Antioxidant assay: The effect of essential oil on the DPPH radical was determined by DPPH radical scavenging method according to the method of Amiri19. The samples were dissolved in methanol (concentration of stock solution were 25, 12.5, 6.25, 3.125 and 1.5625 ppm). Ascorbic acid was used as positive control. Absorbance measured at 517 nm using Shimadzu UV-VIS 1200 spectrophotometer (Shimadzu Corp., Kyoto, Japan). Percent inhibition of the DPPH radical was calculated by the sample. The 50% inhibition (IC50) of antioxidant activity was calculated as the concentrations of samples that inhibited 50% of scavenging activity of DPPH radicals.

Data analysis: The mean results of the percentage inhibition of antioxidant against concentrations was plotted using the Microsoft Excel computer program, which also gives the regression equations. The regression equations were used to calculate IC50.


In this study, the essential oil of D. lanceolata leaves was obtained by steam distillation method. The steam distillation yielded clear and yellowish essential oil (Fig. 1). The oil from D. lanceolata leaves isolated by steam distillation method obtained yield and yellow refractive index 1.340 and 0.12%, respectively.

The components of D. lanceolata oil have been evaluated by GC-MS. The compounds were identified comparing by retention time, molecular formula, molecular weight and area (Table 1). In the essential oil from D. lanceolata leaf oil, 22 components were identified, which were dominated by monoterpene hydrocarbons. The main constituents of the sample were Eugenol, g-Terpinene, 2-β-Pinene and 1-Limonene (28.30, 15.60, 9.80 and 8.09%, respectively). According to these results, eugenol was mainly present in D. lanceolata essential oils. The structure of the major bioactive compound is presented in Fig. 2.

The anti-bacterial activity of D. lanceolata essential oils against S. mutans and S. sobrinus were summarized in Table 2. The antimicrobial potential of the D. lanceolata essential oils was evaluated according to their zone of inhibition against S. mutans and S. sobrinus and the results (zone of inhibition) were compared with the activity of the standards, chlorhexidine and chloramphenicol (10 mg mL–1). The zone of inhibition above 6 mm in diameter was taken as positive result. Generally, the tested organisms were sensitive to D. lanceolata essential oils with varying magnitudes. When the activity index is considered (Table 1), antibacterial effect of D. lanceolata leaf oil at concentration 1, 10 and 100% present in the following order: S. sobrinus>S. mutans. It can be seen that 100% of D. lanceolata oil possess a higher antibacterial effect than chlorhexidine and chloramphenicol (at concentration 10 μg/well) against S. sobrinus and S. mutans.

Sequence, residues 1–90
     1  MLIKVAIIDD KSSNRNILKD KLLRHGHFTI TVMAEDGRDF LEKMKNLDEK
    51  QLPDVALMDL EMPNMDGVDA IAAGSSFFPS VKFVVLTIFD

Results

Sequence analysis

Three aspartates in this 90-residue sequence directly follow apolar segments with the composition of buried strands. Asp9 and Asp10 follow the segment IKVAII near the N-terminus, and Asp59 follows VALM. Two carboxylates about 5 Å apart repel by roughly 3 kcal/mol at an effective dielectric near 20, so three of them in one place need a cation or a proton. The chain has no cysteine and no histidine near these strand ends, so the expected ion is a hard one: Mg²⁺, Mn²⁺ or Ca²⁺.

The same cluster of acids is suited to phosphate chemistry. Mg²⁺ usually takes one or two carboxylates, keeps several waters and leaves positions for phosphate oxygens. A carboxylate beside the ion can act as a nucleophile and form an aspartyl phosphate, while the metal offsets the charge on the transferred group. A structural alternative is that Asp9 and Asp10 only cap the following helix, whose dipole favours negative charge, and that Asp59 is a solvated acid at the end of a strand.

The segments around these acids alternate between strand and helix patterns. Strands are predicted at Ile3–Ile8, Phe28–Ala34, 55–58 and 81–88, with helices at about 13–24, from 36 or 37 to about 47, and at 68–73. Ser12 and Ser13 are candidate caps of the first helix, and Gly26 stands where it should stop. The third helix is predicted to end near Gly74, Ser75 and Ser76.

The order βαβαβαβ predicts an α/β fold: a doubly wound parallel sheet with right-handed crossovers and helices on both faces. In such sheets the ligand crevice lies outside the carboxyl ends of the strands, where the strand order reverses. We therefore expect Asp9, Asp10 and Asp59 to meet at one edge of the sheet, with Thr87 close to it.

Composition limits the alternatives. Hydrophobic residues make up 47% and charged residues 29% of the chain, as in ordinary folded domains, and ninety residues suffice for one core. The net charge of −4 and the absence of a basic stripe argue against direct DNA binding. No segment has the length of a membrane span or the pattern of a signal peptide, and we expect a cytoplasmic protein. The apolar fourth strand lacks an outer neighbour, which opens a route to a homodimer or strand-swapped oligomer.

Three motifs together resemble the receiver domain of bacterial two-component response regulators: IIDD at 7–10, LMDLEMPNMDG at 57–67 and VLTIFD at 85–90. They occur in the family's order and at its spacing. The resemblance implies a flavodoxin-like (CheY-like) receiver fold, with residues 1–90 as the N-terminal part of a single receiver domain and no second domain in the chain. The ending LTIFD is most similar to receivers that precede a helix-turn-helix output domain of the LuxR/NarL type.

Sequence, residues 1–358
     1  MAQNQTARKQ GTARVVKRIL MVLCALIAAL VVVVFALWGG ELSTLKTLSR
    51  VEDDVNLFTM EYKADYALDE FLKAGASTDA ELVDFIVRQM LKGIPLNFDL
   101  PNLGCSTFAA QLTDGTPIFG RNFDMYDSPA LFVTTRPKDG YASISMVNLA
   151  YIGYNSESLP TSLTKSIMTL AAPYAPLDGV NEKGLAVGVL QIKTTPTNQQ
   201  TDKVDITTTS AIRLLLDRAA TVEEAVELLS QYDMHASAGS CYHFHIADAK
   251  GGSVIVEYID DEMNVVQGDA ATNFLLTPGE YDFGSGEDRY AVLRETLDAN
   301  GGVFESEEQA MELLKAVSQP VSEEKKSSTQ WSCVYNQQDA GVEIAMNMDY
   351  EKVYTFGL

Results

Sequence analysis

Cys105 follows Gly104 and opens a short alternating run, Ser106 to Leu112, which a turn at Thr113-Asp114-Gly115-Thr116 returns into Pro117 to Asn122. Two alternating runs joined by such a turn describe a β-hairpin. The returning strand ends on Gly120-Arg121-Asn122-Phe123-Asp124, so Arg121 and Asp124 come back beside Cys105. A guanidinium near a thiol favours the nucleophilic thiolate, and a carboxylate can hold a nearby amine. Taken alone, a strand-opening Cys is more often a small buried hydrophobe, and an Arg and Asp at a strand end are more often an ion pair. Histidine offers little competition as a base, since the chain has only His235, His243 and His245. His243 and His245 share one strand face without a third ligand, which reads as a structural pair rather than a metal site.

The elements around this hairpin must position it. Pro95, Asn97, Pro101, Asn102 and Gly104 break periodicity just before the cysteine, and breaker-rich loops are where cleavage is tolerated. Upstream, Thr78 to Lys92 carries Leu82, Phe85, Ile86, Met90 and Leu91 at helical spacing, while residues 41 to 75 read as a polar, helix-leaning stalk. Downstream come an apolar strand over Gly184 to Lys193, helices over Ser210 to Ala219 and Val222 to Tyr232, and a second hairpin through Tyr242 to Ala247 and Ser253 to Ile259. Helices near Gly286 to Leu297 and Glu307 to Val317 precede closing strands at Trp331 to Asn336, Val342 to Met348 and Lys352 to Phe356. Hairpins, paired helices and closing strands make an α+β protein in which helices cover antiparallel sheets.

Image for - Chemical Composition, Antibacterial and Antioxidant Activities of Essential Oils of Dryobalanops lanceolata Burck. Leaf
Fig. 1(a-b): (a) Tree and leaves of D. lanceolata and (b) Color of essential oil of D. lanceolata

Table 1:
Chemical constituents of the essential oil of D. lanceolata by GC-MS
Image for - Chemical Composition, Antibacterial and Antioxidant Activities of Essential Oils of Dryobalanops lanceolata Burck. Leaf

Table 2:
Antibacterial activity of essential oil of D. lanceolata
Image for - Chemical Composition, Antibacterial and Antioxidant Activities of Essential Oils of Dryobalanops lanceolata Burck. Leaf
Data are means of three measurements±SD

Image for - Chemical Composition, Antibacterial and Antioxidant Activities of Essential Oils of Dryobalanops lanceolata Burck. Leaf
Fig. 2:
Structure of the Eugenol, major compounds of D. lanceolata essential oil

A highly significant decrease of the DPPH radical concentration due to the scavenging activity of each oil concentration and standards as illustrated in Fig. 3. The activity to scavenge DPPH radical increases significantly with increasing oil concentration had been found. Antioxidant activity of the sample was determined by concentration of sample that could scavenge 50% free radical (IC50) and the sample showed strong antioxidant activity on DPPH. The oil had a good radical scavenging (2.71-70.56%).

Image for - Chemical Composition, Antibacterial and Antioxidant Activities of Essential Oils of Dryobalanops lanceolata Burck. Leaf
Fig. 3:
Free radical scavenging activity of D. lanceolata essential oil
Scavenging activity was measured using the DPPH radical assay, Data are means of three measurements±SD

Highest percentage shown in concentration 25 ppm was 70.56% and it was inhibited the 50% DPPH radicals (IC50) in concentration 14.28 ppm.